Matthew Gent and cast members in The Pirates of Penzance | Sydney Theatre (Pic: Tomasetti)

I bet Eric Idle thanks his lucky stars for Gilbert and Sullivan. If they hadn’t written all the clever light opera they did, he would have had to. Or someone would have had to. Because life, in the last century at least, would probably have been quite unbearable without them. In my mind’s eye, I imagine them as more contemporary Antipodeans, whose sense of naughtiness would qualify them as contributors to The Mavis Bramston Show, The Wharf Revue or The Chaser.

But how do you get late 19th century comic operas to curry favour with 21st century audiences? No, you don’t call Dick Tracy. You call Sasha Regan, the entrepreneurial young English theatre director. Team her with Ben De Wynter and you’ve got a couple of producers ready to take the world by storm. They’ve shown themselves to have something of a piratical attitude to theatre-making: Regan took it upon herself to convert a derelict paper warehouse into a theatre. Having attempted the impossible, she and the theatre have taken out a swag of awards, at home and abroad.

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The pair have now brought their version of Pirates of Penzance all the way from Southwark to Sydney via the Sydney Theatre Company, the destination that caps its Australian tour, through Canberra, Mt Gambier, Renmark, Adelaide, Perth and Wollongong. This is a real success story, since its first performance was under a railway arch playing to 50. So how come it’s come so far? What’s the secret? Well, I don’t think its giving too much away to reveal it has an all-male cast which, given there are so many female roles, is a novelty. The success of the show, to a pronounced degree, lies in this one innovative decision.

Of course, it could all come off as a low-grade gang or drag show, if not for the feminine finesse of these blokes and, especially, the incredible operatic falsetto of the leading “lady” Alan Richardson playing Mabel. Think Queen’s Bohemian Rhapsody and you’re in the ballpark. At times it’s hard not to entertain the possibility that he’s the world’s late, final, extra castrato.

While Richardson and the chorus of “female” singers vies to be the eighth wonder of the world, it’s young Frederic, The Pirate Apprentice (Matthew Gent), that gets the outright gong for vocal quality: range, flexibility, timbre and clarity; warm, rich, effortless and attractive.

Nic Gibney is a strong, characterful all-rounder as The Pirate King, a sharing comic flair as a strong suit with his lieutenant Samuel, played by Michael Burgen. Ironically, about the only bloke on stage who looks like he might interview well as a real pirate is playing a Sergeant Of Police (Adam Vaughan). He has the baritone to match his solid appearance.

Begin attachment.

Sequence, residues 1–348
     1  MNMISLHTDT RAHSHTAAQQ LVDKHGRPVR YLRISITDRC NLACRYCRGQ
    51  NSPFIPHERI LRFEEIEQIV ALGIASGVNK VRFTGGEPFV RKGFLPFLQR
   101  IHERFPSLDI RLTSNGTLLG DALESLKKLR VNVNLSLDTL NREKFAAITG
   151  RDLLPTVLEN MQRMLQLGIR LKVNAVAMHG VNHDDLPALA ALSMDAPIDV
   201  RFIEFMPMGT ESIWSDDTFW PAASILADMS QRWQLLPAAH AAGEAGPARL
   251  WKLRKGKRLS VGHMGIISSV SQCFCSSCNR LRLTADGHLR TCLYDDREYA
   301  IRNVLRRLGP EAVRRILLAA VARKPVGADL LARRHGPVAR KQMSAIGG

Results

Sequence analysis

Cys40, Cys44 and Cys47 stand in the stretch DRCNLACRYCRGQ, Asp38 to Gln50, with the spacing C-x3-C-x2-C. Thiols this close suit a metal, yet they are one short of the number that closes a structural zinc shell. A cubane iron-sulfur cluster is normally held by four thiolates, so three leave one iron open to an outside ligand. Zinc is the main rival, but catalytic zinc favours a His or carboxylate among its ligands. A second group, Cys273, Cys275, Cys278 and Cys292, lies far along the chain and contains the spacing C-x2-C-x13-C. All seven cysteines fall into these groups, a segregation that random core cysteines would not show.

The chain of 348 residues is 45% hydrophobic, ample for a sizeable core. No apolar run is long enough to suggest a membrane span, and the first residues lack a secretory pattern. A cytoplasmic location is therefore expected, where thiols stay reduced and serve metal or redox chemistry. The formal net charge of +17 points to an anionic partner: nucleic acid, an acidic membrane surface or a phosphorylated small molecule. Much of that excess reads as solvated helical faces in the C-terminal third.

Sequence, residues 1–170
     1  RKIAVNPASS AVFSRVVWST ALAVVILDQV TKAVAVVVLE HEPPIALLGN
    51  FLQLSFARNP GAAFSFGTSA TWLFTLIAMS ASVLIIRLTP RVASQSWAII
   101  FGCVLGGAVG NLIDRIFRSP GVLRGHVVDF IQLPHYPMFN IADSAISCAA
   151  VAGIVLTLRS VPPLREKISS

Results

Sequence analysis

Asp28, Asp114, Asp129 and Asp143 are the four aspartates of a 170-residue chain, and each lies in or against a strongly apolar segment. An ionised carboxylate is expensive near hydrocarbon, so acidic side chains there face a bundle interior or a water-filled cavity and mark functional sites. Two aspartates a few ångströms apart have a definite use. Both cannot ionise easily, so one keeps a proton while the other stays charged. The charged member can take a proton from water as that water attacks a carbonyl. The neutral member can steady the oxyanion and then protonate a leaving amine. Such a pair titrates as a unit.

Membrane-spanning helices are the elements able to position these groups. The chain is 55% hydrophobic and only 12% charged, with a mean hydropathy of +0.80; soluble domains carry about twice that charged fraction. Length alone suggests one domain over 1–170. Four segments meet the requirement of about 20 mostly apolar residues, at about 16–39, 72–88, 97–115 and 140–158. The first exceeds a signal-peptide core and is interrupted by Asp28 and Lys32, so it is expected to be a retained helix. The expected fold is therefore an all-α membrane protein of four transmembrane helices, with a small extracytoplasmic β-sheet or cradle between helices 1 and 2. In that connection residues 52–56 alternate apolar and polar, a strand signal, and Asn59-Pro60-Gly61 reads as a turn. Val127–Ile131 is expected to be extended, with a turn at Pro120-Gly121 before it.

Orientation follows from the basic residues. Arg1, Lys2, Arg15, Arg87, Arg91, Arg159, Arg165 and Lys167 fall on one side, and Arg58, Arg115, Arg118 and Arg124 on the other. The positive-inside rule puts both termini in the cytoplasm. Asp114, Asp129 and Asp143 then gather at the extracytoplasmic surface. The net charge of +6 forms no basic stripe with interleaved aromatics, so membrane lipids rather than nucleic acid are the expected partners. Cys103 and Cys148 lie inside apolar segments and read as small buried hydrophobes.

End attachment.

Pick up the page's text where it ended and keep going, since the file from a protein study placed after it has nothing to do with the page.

Joseph Houston is Ruth, the pirate maid, whose attempted deception, perpetrated on the inexperienced Frederic was never going to work. Joseph may be a decent-looking chap, but he makes a drop-dead ugly woman of a certain age. Neil Moors is Major-General Stanley and, while sporting an opulent tone, seemed to be a little lack-lustre in the diction department here and there. (This wasn’t helped by the sound, which seemed distant and faint at times.) But, like the rest of the cast, a highly accomplished actor.

The gaggle of girls (including Dale Page as Kate, Stewart Charlesworth as Edith, Lee Greenaway as Connie, and Chris Theo Cook as Isabel) that but runs fear and fantasise (or both at once) running into pirates are brilliant, taking off young women (of G&S’s day, anyway) but taking on every comical, effeminate nuance you can imagine. The ensemble of handlebar moustachioed men, officers, gentlemen and assorted others are all worthy cast members in their own right, too, each contributing comic flecks which enhance the fabric of the production.

Lizzi Gee’s choreography is sensationally good, being, as it is, so sympathetically in-tune with Gilbert’s mischievous book. Michael England’s musical supervision is also beautifully judged and who needs an orchestra when one man can bang a box so expertly? Designer Robyn Wilson-Owen has kept both set and costumes dead simple: a few see-through mobile clouds and a small arrangement of boxy wooden structures does the trick, insofar as connoting the open sea and creaking vessels. For the ladies, long, lacy white dresses. For the pirates, unbuttoned shirts, wide belts and scabbards, in which are stowed the most rustic of fake knives. Lighting designer Steve Miller uses a rainbow of washes (that I could have lived without) but comes into his own with some clever scenes with torches and faux candles.

I adored and applaud how Regan has used the wings and aisles of Sydney Theatre as an extension of the stage. Her energy, inventiveness and imagination gives these pirates the kind of unflagging impetus we’ve come to expect from Depp, Rush and co. I raise my Jolly Roger in honour of The Pirates Of Penzance. It is the very model of a modern presentation of G&S.

The details: The Pirates Of Penzance plays Sydney Theatre until November 24. Tickets on the STC website.

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Peter Fray
Peter Fray
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